Seawall’s Secret: The Selling of More Than Two Dozen Black Africans
The following is an excerpt from Before Equiano: A Prehistory of the North American Slave Narrative by Zachary McLeod Hutchins, available wherever books are sold.
In the antebellum United States, formerly enslaved men and women who told their stories and advocated for abolition helped establish a new genre with widely recognized tropes: the slave narrative. This book investigates how enslaved black Africans conceived of themselves and their stories before the War of American Independence and the genre’s development in the nineteenth century. Zachary McLeod Hutchins argues that colonial newspapers were pivotal in shaping popular understandings of both slavery and the black African experience well before the slave narrative’s proliferation. Introducing the voices and art of black Africans long excluded from the annals of literary history, Hutchins shows how the earliest life writing by and about enslaved black Africans established them as political agents in an Atlantic world defined by diplomacy, war, and foreign relations. In recovering their stories, Hutchins sheds new light on how black Africans became Black Americans; how the earliest accounts of enslaved life were composed editorially from textual fragments rather than authored by a single hand; and how the public discourse of slavery shifted from the language of just wars and foreign policy to a heritable, race-based system of domestic oppression.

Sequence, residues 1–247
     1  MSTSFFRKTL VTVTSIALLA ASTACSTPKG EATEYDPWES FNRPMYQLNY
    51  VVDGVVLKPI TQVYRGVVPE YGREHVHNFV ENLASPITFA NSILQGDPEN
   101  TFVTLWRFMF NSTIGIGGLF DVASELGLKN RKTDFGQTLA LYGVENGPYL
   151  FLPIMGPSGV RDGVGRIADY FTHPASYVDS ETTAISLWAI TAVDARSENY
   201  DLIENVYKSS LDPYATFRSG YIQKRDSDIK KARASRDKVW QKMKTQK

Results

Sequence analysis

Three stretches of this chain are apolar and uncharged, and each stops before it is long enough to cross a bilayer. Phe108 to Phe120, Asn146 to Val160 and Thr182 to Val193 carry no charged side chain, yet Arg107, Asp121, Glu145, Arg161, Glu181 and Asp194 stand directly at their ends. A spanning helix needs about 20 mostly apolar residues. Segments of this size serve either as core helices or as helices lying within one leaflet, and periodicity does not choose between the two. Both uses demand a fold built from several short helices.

The Selling of More than Two Dozen Black Africans
Among the heroes of American abolitionism, colonial judge Samuel Sewall is often revered as the first to commit himself to the cause of universal emancipation. Sewall earned this reputation with The Selling of Joseph, a small pamphlet he published in 1700, which argues from the biblical example of Adam “that Originally, and Naturally, there is no such thing as Slavery.” Reading these words, John Greenleaf Whittier declared,
Honor and praise to the Puritan
Who the halting step of his age outran,
And, seeing the infinite worth of man
In the priceless gift the Father gave,
In the infinite love that stooped to save,
Dared not brand his brother a slave! (lines 50–55)2
But Whittier and the numerous scholars who have burnished Sewall’s abolitionist credentials over the centuries are wrong; Sewall did dare to buy and sell slaves. The Selling of Joseph was not Sewall’s final word on the topic of slavery, and his views on the matter were far more complicated than most have acknowledged.
In the three decades after he wrote The Selling of Joseph, Sewall placed at least fourteen slave-for-sale advertisements in the Boston News-Letter and the Boston Gazette, announcing his intention to sell more than two dozen enslaved black Africans to the inhabitants of Boston. These fourteen advertisements are typical of the period; their language suggests a casual regard for the breathing bodies to be seen and sold at Sewall’s warehouse, conflating dry goods and human lives. Yet for those who have hailed Sewall as an advocate for emancipation, the advertisements constitute an extraordinary counternarrative that must be weighed in opposition to the sentiments expressed in The Selling of Joseph and are, accordingly, reprinted here in full.
To be disposed of by Mr. Samuel Sewall Merchant, at his Warehouse near the Swing-Bridge in Merchants-Row Boston, several Irish Maid Servants time, most of them for Five years, one Irish Man Servant, who is a good Barber and Wiggmaker, also Four or Five likely Negro Boys.